S.K. Das, J.
1. These two appeals, one with special leave from this Court and the other on a certificate granted by the High Court of Andhra, have been heard together and this judgment will govern them both.
2. The facts are similar and the short question for decision is whether the appellant, Messrs. Chandaji Kubaji and Company, Guntur, was entitled to apply under s. 12A(6)(a) of the Madras General Sales Tax Act, 1939, (Madras Act IX of 1939), as applied to Andhra, for a review of an order of the Appellate Tribunal made under sub-s. (4) of s. 12A of the said Act. The relevant facts are these. The appellant is a dealer in ghee, groundnut oil, chillies, etc., and was carrying on its business at Guntur. In Civil Appeal No. 420 of 1957, the Deputy Commercial Tax Officer, Guntur, assessed the appellant to sales tax for the year 1948-49 on a turnover of Rs. 28,69,151 and odd. The appellant having unsuccessfully appealed to the Commercial Tax Officer, Guntur, made a second appeal to the Sales Tax Appellate Tribunal, hereinafter called the Tribunal. Before the Tribunal the appellant contended inter alia that out of the total turnover a sum of Rs. 10,45,156 and odd related to commission purchase of commodities taxable at the stage of sale on behalf of principals resident outside the State of Andhra and was not therefore taxable by the respondent State. In respect of this plea the Tribunal said :
'As regards the alleged commission agency business to the tune of Rs. 10,45,156-4-9 the appellants have neither advanced arguments nor placed before us any materials in support of the contention raised in this behalf'.
3. In the result the Tribunal dismissed the appeal on May 30, 1953.
4. In Civil Appeal No. 142 of 1958 the appellant was assessed by the Deputy Commercial Tax Officer, Guntur, on a net turnover of Rs. 28,72,083 and odd for the year 1949-50. The appellant objected to the inclusion of a sum of Rs. 19,89,076 and odd on the ground that the goods relating thereto had been consigned to self and despatched to places outside the State and in fact were delivered outside the State. This plea was disallowed by the Sales Tax authorities, and the Tribunal said :
'In the grounds of appeal it has been urged with regard to these sale transactions the ownership in the goods continued to vest in the appellant till the sale price was collected and the goods were delivered to the buyers at places outside the State. Beyond advancing a broad argument of this type no material has been placed before us or was placed before the assessing authority or the Commercial Tax Officer to support the appellant's version that the property in the goods passed to the buyer only at places outside the State'.
x x x 'It is not denied that though contracts in writing were not entered into, these transactions were the result of correspondence between the appellant on the one hand as seller and various persons on the other as buyers. It is conceded that such correspondence exists but the appellants have not chosen to make this correspondence available either to us or to the officer below. When documents which would establish the nature of the transaction beyond doubt are available and have been withheld by the appellant, the normal result is that an inference adverse to his contention has to be drawn. We are accordingly of the opinion that in this case, the sales must be deemed to have taken place within this State and that they have been rightly included in the taxable turnover'.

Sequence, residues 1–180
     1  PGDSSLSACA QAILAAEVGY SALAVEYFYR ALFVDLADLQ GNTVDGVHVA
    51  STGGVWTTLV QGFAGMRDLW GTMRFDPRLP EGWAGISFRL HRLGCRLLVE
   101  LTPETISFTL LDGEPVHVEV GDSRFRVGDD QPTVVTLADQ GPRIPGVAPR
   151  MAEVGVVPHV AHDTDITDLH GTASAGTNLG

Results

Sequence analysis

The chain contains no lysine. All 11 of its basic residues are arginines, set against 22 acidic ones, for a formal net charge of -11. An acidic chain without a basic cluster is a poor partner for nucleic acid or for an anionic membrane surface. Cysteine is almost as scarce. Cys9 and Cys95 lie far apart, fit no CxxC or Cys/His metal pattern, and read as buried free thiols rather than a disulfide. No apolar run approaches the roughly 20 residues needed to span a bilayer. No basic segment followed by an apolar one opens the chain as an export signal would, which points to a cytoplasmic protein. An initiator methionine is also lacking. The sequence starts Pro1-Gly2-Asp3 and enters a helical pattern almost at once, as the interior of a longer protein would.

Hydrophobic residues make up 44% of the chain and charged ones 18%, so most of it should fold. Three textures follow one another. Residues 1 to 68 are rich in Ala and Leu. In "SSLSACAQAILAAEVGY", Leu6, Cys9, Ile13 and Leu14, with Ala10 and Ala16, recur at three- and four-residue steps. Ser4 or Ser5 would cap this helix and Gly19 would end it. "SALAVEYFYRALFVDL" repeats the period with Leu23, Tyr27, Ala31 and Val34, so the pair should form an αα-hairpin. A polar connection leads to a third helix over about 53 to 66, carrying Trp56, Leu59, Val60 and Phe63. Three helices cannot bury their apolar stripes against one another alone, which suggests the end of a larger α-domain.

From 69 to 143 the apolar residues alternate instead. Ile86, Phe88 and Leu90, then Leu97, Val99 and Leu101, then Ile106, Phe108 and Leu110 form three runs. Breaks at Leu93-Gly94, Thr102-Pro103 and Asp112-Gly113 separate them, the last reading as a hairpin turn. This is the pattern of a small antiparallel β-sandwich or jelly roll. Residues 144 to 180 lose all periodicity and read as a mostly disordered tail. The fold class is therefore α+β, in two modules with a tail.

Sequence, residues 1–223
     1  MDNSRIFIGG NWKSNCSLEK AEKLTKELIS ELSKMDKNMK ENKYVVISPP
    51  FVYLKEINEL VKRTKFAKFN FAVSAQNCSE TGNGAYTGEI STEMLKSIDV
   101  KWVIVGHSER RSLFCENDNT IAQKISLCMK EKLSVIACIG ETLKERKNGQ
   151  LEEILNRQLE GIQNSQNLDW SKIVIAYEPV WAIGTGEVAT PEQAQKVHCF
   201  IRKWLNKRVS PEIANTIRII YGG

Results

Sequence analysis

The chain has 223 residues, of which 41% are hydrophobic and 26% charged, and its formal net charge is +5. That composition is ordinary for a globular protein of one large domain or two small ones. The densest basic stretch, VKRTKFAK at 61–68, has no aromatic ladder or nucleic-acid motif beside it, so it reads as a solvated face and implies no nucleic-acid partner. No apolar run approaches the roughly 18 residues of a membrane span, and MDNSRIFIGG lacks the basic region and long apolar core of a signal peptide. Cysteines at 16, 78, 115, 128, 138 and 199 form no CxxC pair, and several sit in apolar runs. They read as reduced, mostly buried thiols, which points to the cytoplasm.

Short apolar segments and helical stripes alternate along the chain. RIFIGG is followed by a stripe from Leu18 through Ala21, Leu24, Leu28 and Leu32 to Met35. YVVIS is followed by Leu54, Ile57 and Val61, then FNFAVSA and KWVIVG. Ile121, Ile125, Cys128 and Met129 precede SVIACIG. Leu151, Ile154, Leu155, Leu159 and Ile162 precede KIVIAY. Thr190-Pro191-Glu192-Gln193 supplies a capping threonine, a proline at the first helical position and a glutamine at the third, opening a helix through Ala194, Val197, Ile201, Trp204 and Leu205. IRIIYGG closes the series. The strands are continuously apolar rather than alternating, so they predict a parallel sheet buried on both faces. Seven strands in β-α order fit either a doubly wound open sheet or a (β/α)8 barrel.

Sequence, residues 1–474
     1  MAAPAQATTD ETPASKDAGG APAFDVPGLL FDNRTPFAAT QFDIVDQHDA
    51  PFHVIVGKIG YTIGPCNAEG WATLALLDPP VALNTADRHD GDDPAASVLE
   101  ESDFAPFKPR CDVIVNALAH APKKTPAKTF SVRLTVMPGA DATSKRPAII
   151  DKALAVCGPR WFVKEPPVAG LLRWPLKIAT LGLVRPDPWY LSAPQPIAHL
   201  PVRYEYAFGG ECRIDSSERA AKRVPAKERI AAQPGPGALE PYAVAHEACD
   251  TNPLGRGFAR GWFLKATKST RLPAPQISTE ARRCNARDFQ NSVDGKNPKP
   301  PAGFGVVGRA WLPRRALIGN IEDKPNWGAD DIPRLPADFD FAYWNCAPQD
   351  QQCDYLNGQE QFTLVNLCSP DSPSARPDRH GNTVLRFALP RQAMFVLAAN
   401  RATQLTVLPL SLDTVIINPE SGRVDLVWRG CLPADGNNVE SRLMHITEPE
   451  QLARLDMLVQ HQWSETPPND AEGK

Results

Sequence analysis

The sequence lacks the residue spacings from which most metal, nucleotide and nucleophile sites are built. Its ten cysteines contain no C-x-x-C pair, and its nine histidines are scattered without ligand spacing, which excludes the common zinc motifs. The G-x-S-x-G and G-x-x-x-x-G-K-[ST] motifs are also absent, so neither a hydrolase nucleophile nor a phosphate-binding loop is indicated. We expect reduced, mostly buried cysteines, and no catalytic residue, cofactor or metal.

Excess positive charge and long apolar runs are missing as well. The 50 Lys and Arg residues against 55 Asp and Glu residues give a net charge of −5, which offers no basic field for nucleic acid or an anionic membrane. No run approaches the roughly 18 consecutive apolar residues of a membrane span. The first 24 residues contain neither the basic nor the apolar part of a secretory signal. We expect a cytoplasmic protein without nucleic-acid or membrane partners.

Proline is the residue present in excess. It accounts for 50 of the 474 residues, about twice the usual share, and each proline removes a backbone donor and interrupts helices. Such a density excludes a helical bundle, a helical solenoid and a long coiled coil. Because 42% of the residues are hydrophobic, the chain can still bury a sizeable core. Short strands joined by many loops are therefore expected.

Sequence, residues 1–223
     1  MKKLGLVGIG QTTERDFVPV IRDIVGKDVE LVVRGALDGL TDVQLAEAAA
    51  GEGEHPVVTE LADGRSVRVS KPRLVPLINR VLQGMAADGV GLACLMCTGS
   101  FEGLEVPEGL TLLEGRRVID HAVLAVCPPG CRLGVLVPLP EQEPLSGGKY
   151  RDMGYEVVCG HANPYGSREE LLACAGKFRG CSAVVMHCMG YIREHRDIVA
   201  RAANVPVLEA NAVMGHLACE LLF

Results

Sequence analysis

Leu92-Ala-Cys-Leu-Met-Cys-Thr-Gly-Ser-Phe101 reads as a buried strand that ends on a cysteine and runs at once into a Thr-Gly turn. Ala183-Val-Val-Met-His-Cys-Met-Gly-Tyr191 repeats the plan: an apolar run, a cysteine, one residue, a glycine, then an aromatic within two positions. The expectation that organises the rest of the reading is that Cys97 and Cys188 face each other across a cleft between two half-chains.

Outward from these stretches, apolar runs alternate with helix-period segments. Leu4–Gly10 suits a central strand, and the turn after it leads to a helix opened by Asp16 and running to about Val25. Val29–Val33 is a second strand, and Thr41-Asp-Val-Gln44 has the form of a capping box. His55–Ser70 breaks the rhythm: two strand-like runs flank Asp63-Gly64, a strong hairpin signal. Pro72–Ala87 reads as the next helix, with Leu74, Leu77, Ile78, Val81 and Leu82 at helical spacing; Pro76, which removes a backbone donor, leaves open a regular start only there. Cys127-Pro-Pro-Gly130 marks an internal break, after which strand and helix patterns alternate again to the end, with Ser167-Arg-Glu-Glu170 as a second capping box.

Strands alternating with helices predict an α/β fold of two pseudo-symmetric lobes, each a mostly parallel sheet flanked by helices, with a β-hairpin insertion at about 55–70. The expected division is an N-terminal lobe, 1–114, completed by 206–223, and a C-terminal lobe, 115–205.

5. The appeal was disposed of on this finding on August 19, 1952.
6. In respect of both the aforesaid orders the appellant filed applications for review under s. 12A(6)(a) of the Act. That section, in so far as it is relevant for these appeals, reads :
'12A(6)(a) - The Appellate Tribunal may, on the application either of the assessee or of the Deputy Commissioner, review any order passed by it under sub-section (4) on the basis of facts which were not before it when it passed the order : Provided that no such application shall be preferred more than once in respect of the same order'.
7. The point taken on behalf of the appellant in Civil Appeal No. 420 of 1957 was that the accounts were in Gujrati language and as there was none on behalf of the appellant who could give instructions to the appellant's advocate either in Telugu or English when the appeal was heard by the Tribunal, the appellant could not place the materials before the Tribunal. In the other appeal, the point taken in support of the application for review was that the relevant correspondence was mixed up with other records and so it could not be placed before the Tribunal. The Tribunal rejected the applications for review on the ground that a failure to produce the necessary materials in support of a plea taken before it, due either to gross negligence or deliberate withholding, did not come within the reason of s. 12A(6)(a) as stated in the expression 'on the basis of facts which were not before it when it passed the order'. The appellant then moved the High Court in revision under s. 12B of the Act and contended that the view which the Tribunal took of s. 12A(6)(a) was not correct. The High Court drew a distinction between what it called basic facts and evidence in support thereof and said :
'There is an essential distinction between a fact and the evidence to establish that fact'.